The Port of Longview is facing a legal threat over a major export project that would replace the port’s decrepit Berth 4 deepwater grain terminal.
The port agreed on Dec. 14 to negotiate exclusively with Ciner Enterprises to develop a soda ash export terminal that would cost at least $125 million. The project would create a significant number of construction jobs and up to 20 permanent jobs, according to preliminary estimates.
However, the American Natural Soda Ash Company — a group that first started negotiating with the port in late 2016 to build a similar terminal — is claiming the port and Ciner Enterprises were barred from signing an exclusivity agreement.
The port had previously negotiated with ANSAC throughout 2017 to develop a project proposal and design concepts, but the port terminated discussions with ANSAC on Dec. 19 after signing its agreement with Ciner.
ANSAC now claims the port either knew or should have known the agreement was “improper and illegal” because Ciner Enterprise’s Atlanta-based subsidiary — Ciner Resources, Inc. — is a participating ANSAC member and bound by its membership rules, according to documents obtained by The Daily News.
In a March 12 letter, a lawyer for ANSAC warned the port that the group may pursue a number of legal claims, including interference with a business contract; civil conspiracy; breach of good faith and fair dealing; and breach of a non-disclosure agreement.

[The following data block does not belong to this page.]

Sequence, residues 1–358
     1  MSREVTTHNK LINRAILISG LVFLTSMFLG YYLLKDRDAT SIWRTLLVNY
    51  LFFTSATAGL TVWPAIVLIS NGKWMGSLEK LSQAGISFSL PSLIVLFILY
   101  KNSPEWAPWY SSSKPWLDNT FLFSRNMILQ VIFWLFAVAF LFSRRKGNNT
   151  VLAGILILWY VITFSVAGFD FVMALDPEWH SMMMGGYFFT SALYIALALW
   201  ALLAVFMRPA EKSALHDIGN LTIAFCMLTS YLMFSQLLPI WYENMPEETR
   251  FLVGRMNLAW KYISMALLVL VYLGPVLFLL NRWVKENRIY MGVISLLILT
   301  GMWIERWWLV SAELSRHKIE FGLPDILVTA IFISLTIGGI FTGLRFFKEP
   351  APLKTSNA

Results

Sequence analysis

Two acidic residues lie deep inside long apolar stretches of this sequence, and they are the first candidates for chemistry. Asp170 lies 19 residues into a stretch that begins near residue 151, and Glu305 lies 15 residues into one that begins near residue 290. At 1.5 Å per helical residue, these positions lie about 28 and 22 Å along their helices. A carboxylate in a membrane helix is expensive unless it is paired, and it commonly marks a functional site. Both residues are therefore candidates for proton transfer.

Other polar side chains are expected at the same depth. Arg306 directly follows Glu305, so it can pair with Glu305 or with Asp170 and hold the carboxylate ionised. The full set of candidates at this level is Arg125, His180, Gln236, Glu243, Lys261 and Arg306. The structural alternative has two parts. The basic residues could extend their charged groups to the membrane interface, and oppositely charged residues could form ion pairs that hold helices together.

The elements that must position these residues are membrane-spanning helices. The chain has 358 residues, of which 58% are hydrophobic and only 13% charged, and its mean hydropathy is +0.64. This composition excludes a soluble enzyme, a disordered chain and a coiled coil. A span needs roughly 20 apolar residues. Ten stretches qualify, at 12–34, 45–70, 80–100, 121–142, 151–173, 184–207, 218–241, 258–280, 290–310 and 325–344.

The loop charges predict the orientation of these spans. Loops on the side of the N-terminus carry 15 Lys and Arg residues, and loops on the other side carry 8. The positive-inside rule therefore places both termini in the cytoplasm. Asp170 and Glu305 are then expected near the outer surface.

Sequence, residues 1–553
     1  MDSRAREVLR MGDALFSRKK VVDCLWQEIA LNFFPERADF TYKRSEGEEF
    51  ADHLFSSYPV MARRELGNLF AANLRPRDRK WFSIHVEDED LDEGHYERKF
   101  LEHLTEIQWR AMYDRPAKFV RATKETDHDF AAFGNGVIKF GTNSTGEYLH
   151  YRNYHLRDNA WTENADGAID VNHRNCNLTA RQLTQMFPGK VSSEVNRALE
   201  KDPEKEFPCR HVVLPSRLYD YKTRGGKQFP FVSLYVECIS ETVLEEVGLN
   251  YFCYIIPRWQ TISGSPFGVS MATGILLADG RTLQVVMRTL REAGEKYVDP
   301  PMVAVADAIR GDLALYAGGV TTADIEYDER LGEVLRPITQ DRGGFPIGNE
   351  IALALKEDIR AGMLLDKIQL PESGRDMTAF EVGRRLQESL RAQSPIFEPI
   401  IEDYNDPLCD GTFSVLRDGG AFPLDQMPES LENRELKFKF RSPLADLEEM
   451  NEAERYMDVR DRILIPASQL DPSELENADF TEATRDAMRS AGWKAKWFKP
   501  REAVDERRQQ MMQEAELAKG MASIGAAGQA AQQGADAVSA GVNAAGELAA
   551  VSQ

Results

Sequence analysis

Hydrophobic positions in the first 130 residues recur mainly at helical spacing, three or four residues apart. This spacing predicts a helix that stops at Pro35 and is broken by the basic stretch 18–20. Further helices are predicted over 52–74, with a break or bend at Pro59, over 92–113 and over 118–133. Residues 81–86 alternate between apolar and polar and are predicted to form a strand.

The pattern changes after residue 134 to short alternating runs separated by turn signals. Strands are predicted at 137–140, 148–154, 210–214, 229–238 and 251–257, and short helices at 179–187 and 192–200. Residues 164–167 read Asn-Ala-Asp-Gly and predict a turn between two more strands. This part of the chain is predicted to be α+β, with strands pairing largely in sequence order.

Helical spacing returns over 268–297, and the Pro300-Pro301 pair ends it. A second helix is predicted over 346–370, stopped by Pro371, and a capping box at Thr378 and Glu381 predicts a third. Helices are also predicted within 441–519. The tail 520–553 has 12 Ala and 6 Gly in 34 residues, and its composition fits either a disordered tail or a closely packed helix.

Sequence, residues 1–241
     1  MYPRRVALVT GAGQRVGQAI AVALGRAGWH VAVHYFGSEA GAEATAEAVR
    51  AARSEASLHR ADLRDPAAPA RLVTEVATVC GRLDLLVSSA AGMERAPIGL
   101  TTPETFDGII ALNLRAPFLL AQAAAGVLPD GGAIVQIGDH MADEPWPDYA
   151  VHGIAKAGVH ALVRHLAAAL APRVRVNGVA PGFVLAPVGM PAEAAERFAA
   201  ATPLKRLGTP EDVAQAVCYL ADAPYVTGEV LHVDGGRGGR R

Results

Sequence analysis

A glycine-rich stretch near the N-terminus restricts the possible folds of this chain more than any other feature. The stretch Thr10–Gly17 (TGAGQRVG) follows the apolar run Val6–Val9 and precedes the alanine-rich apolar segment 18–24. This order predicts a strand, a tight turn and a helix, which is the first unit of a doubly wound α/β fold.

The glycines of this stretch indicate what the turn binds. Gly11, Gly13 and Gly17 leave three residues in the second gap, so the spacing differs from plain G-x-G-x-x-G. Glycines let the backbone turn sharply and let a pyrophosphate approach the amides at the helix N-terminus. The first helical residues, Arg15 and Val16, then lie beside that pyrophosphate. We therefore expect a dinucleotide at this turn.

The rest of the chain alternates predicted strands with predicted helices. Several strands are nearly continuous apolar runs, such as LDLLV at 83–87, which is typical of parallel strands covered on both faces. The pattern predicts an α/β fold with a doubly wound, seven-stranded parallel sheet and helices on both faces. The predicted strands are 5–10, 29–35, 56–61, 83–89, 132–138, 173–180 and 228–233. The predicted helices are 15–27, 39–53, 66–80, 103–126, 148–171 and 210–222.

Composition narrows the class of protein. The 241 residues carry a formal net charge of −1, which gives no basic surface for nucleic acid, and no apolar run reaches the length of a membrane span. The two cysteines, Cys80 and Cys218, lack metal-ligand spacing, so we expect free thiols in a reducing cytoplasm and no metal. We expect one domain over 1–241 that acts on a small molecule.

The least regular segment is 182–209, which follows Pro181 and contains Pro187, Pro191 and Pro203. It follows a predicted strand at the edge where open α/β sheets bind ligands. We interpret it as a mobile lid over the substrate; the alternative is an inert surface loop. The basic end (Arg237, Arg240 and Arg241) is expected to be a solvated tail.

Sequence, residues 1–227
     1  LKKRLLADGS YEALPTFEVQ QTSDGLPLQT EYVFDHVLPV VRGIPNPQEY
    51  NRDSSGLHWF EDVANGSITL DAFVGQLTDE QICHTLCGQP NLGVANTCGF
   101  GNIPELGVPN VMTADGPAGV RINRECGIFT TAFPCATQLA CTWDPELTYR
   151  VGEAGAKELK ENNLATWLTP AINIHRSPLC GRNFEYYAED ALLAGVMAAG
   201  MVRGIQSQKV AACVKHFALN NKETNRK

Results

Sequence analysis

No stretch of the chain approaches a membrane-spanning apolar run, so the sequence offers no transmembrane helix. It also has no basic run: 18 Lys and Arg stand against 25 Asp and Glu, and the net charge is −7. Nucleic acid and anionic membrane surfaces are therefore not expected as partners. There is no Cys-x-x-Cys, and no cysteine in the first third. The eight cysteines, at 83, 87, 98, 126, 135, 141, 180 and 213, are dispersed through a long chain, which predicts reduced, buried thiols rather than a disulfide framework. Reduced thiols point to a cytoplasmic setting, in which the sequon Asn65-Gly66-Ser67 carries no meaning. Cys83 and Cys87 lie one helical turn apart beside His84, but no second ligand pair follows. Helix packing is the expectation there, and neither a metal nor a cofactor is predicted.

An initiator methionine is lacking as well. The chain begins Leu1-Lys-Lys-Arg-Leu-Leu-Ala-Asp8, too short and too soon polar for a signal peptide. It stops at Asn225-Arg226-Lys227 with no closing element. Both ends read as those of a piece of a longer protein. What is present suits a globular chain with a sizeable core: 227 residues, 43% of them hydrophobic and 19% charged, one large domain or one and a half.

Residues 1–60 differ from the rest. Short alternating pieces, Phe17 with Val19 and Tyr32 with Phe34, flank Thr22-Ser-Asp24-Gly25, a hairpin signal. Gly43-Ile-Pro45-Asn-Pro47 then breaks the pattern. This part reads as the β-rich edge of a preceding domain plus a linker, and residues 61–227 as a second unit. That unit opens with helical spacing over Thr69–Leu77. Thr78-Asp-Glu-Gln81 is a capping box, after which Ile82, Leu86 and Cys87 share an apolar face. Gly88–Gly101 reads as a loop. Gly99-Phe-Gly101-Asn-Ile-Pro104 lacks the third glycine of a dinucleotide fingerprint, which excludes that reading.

“ANSAC is truly shocked and deeply disappointed with the port’s conduct,” attorney James Greenfield wrote.
At the same time, ANSAC is asking the port to terminate its agreement with Ciner Enterprises and resume negotiations.
The port denied any wrongdoing in a statement to The Daily News on Thursday.
“The port has handled negotiations with both ANSAC and Ciner appropriately, and will not comment further in light of ANSAC’s threatened litigation,” Port of Longview CEO Norm Krehbiel said.
According to the port's standard project application form, the port can reserve the right to undertake discussions with other prospective tenants at any time.
Ciner Enterprises said Friday that the company believes it is on sound legal footing.
“After careful review and consultation with our lawyers, we are confident that Ciner Enterprises has the legal right to independently negotiate and agree with the Port of Longview for the distribution of soda ash,” the company said in a statement to The Daily News. “We have been in regular contact with both ANSAC and the Port of Longview and continue to hope that the parties can resolve this matter amicably and in the best interests of the Longview community.”
As one of three ANSAC members, Ciner accounts for 40 percent of the joint venture’s exports. Together the companies export approximately 4.5 million short tons of natural soda ash annually, making ANSAC the largest natural soda ash exporter in the world.
The port began separate negotiations with two senior Ciner representatives who also sit on ANSAC’s board in August 2017, according to records.
“Ciner Resources is a significant U.S. producer of soda ash and a participating member of ANSAC, but Ciner Resources is not a counterparty to the exclusivity agreement with the Port of Longview,” Ciner Enterprises (the subsidiary's parent company) said in its statement to The Daily news.